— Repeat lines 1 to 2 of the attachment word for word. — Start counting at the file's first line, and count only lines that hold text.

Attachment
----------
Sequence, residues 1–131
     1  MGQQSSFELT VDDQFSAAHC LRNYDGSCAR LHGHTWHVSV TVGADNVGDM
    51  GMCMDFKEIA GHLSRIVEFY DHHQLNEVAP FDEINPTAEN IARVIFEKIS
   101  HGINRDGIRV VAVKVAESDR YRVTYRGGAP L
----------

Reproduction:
Sequence, residues 1–131
     1  MGQQSSFELT VDDQFSAAHC LRNYDGSCAR LHGHTWHVSV TVGADNVGDM